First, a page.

Collocation, phrasème, dénomination : vers une théorie de la créativité phraséologique

Abstract : In this article, we address the question of phraseological innovation. By this, we refer to any new expression which does not constitute a regular collocation (a known expression) within a given language. Our objective is not to propose a theory of stylistic creativity. Instead, we limit our investigation to explaining how an expression comes to be integrated in the lexicogrammar as defined by M. A. K. Halliday. We also discuss various issues of terminology, notably the oppositions collocation/colligation, synthème/phrasème which have currently come to the fore in the fields of lexicography and French functional linguistics. These terms do not in fact help us to deal with the problem of phraseological innovation. So we turn instead to the semiotic notion of denomination, defined as the potential for a sign to refer globally within a given discourse. This approach avoids the traditional debate about whether expressions are syntactically fixed or semantically opaque. Rather, the main defining criterion which is of interest to us is the moment when a construction becomes independent of the discourse in which it is formulated in order to be assimilated as an expression by the speech community. As a case in point, we examine the emergence of a new expression in an extract from Trainspotting by Irine Welsh.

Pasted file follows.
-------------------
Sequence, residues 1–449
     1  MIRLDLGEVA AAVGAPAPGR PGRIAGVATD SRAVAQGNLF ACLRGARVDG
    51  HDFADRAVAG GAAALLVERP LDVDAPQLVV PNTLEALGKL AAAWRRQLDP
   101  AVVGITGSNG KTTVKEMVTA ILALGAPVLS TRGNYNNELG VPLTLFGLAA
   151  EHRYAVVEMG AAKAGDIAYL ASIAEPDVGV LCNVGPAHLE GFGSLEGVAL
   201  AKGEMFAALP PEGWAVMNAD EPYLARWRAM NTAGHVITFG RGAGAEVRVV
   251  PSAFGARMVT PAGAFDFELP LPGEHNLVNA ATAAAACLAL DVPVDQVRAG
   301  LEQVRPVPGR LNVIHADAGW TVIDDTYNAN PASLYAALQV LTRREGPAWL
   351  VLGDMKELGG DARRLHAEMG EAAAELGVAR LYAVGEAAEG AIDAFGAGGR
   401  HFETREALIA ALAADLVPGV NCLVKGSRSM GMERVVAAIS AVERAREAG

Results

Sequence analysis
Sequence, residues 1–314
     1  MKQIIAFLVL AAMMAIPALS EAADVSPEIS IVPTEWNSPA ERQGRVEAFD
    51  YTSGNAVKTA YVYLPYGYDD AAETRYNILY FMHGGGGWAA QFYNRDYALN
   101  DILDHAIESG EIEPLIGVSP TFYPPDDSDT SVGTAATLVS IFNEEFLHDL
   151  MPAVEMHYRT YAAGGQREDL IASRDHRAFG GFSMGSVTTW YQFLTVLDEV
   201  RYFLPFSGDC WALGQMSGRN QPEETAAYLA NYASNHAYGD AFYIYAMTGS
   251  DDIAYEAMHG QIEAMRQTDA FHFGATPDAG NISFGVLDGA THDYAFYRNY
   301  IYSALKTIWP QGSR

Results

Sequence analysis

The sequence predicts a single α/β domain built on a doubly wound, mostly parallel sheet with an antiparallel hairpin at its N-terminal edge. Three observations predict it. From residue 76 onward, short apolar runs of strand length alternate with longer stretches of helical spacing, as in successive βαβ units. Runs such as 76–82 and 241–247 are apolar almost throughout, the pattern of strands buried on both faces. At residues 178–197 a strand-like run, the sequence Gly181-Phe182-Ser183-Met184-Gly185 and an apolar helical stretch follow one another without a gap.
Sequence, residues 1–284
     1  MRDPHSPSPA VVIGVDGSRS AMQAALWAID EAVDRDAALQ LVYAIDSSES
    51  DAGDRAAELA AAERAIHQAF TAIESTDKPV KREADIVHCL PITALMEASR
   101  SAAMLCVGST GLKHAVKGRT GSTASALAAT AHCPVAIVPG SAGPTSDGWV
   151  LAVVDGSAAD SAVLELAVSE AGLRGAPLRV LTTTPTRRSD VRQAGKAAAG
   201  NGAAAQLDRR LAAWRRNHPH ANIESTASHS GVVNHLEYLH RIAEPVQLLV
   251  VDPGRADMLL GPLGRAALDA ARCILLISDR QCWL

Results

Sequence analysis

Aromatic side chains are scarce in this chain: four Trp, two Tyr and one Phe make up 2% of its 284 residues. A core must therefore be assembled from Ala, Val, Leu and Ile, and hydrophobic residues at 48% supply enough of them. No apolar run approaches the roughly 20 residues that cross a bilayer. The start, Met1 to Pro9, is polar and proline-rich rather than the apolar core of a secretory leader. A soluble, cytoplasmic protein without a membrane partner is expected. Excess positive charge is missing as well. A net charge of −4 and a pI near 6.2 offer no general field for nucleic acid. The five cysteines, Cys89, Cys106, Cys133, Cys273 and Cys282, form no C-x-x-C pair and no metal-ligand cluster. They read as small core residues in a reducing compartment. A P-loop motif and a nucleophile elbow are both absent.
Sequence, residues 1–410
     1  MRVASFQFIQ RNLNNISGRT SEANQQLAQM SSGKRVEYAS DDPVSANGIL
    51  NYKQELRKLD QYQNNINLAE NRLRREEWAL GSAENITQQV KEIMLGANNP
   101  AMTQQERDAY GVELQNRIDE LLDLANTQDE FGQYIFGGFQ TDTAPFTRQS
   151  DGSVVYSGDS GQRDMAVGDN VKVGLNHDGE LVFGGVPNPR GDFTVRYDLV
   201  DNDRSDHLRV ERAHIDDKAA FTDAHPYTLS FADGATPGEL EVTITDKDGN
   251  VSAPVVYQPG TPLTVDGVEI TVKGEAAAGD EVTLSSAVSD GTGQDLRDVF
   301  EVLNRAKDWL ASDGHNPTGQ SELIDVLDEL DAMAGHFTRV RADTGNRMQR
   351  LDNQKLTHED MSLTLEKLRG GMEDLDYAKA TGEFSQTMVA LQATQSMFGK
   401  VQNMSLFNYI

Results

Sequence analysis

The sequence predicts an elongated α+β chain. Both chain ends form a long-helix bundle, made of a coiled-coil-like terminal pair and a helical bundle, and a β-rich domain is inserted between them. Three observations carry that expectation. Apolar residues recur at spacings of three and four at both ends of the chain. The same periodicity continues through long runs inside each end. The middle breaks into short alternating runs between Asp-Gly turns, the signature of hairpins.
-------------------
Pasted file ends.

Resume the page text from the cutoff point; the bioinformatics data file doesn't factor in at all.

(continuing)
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Contributeur : Christopher Gledhill <>
Soumis le : lundi 26 octobre 2015 - 09:53:02
Dernière modification le : mardi 11 octobre 2016 - 13:49:17


  • HAL Id : hal-01220295, version 1



Christopher Gledhill, Pierre Frath. Collocation, phrasème, dénomination : vers une théorie de la créativité phraséologique. La Linguistique, 2007, 43 (1), pp.65-90. 〈〉. 〈hal-01220295〉



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